Silpancho. Looks like roadkill, but tastes a fair bit better. Healthy too. You'd have to eat at least 3 in a row before you died from cardiac arrest.

See what I did with the title there? Comedic Genius. And that’s probably the last french reference you’ll see on this site. Ever. Even though the French have given the world so much, like the invention of arrogance and their ironic obsession with eating small slimy creatures that really belong under logs. I guess I could concede French Toast, but I think historical evidence and a western obesity epidemic will clearly point to this being an American invention. However! This article is about Bolivian Food, so that’s the last of it.

I want to be clear: Bolivia has the best steak in the whole world, and it’s still probably cheaper than whatever boot leather your local supermarket is flogging. Yes, it’s better than the steak your mom cooks. Yes, it’s even better than the $150 steak weighing 50g that you got at that glitzy restaurant. And about 80 times bigger. The Best. Glad we cleared that up.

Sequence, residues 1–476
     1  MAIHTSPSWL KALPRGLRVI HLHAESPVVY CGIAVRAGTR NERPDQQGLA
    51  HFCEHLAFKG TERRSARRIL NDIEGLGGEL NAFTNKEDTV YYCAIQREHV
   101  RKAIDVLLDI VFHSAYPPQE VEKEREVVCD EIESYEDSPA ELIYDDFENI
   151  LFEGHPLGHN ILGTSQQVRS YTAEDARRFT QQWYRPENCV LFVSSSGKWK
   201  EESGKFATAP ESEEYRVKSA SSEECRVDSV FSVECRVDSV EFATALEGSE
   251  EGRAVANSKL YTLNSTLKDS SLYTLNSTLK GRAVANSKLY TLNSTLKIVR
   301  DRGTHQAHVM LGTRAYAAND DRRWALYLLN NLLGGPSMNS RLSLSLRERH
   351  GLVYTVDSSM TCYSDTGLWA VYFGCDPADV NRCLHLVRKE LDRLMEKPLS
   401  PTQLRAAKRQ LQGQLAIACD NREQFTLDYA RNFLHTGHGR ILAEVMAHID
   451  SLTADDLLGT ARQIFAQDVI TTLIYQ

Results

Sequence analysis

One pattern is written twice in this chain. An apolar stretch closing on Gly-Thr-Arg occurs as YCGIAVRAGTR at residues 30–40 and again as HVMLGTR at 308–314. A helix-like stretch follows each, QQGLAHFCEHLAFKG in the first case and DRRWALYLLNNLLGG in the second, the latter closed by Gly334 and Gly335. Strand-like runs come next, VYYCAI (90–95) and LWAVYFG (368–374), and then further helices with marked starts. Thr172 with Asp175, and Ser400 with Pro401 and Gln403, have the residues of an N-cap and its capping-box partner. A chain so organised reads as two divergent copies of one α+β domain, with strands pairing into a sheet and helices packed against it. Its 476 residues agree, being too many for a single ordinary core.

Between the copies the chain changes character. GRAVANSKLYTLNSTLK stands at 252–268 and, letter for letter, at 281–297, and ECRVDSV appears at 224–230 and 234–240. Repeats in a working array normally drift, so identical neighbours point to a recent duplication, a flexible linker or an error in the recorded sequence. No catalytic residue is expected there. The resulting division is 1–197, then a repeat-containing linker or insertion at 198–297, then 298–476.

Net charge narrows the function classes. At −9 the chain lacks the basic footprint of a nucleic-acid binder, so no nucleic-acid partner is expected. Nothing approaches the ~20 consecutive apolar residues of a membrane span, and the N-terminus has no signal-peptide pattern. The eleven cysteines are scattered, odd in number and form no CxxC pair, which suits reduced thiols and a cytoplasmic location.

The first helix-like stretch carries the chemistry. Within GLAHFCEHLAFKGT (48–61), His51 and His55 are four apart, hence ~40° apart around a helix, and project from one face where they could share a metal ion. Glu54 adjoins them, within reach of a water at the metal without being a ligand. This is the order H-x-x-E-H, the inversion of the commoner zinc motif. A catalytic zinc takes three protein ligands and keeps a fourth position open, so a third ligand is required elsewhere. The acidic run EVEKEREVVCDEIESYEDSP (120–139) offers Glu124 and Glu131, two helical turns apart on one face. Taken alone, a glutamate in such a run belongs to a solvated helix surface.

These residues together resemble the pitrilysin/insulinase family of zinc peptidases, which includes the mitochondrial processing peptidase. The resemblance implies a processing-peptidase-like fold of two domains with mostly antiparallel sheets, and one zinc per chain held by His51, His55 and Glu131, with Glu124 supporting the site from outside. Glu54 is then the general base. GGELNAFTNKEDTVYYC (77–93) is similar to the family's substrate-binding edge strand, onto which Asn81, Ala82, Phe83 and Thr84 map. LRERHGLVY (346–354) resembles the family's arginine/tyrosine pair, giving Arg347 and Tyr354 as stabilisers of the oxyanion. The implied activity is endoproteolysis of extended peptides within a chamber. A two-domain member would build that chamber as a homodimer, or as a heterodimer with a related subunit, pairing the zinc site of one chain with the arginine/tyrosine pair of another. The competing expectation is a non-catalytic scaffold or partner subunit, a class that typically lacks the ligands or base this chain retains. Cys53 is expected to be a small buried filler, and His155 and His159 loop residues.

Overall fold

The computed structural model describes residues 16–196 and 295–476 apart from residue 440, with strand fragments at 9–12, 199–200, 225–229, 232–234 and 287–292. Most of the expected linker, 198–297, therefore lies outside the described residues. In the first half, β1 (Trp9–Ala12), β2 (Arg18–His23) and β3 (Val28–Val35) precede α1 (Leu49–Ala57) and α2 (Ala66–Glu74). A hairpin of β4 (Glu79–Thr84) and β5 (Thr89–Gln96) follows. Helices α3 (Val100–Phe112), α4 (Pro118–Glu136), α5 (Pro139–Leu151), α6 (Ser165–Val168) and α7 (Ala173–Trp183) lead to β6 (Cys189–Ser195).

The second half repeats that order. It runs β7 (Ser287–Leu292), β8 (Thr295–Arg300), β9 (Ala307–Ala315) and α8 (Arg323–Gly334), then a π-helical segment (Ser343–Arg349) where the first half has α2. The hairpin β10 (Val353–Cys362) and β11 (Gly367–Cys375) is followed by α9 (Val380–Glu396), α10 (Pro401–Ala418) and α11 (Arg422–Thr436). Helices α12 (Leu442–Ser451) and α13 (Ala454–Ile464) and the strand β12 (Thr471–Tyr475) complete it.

Aside from steak, Bolivia’s other dishes are pretty heavy on the palette too. Let’s be honest, they’re not a nation of health freaks and fitness fanatics. They like their food tasty & interesting. Fitness activities like jogging are hindered somewhat by rabid dogs and a severe lack of road rules. And a severe lack of motivation, on my part. But the food is absolutely incredible. Most of it is based on meat, rice and potatoes, so you’ve got to work it down. Sometimes you could lose weight just through chewing. If you’re a kid and you hate vegetables, Bolivia is the place to be. They exist, but once mum sees them getting washed in the gutter at the market, watch how fast your menu changes. We had to soak all our fruit and vegetables in iodine for hours, which killed anything living on them, and had the added benefit of keeping your thyroid on track. My brother also glowed in the dark for a little while after every meal. I went through a banana phase at one point. Maybe I was low on potassium or something, but I ate about 4 a day, at least 2 on my cereal, plus banana-flavoured Brazilian Quik and candy chews and gum. Weird, ’cause none of those things have potassium. We brought a whole bunch of fresh bananas back on the roof of our bus after a jungle trip one summer. We ended up with about 6 left. It was fun watching them drop of the back the entire time. Probably should have mentioned it to one of the adults.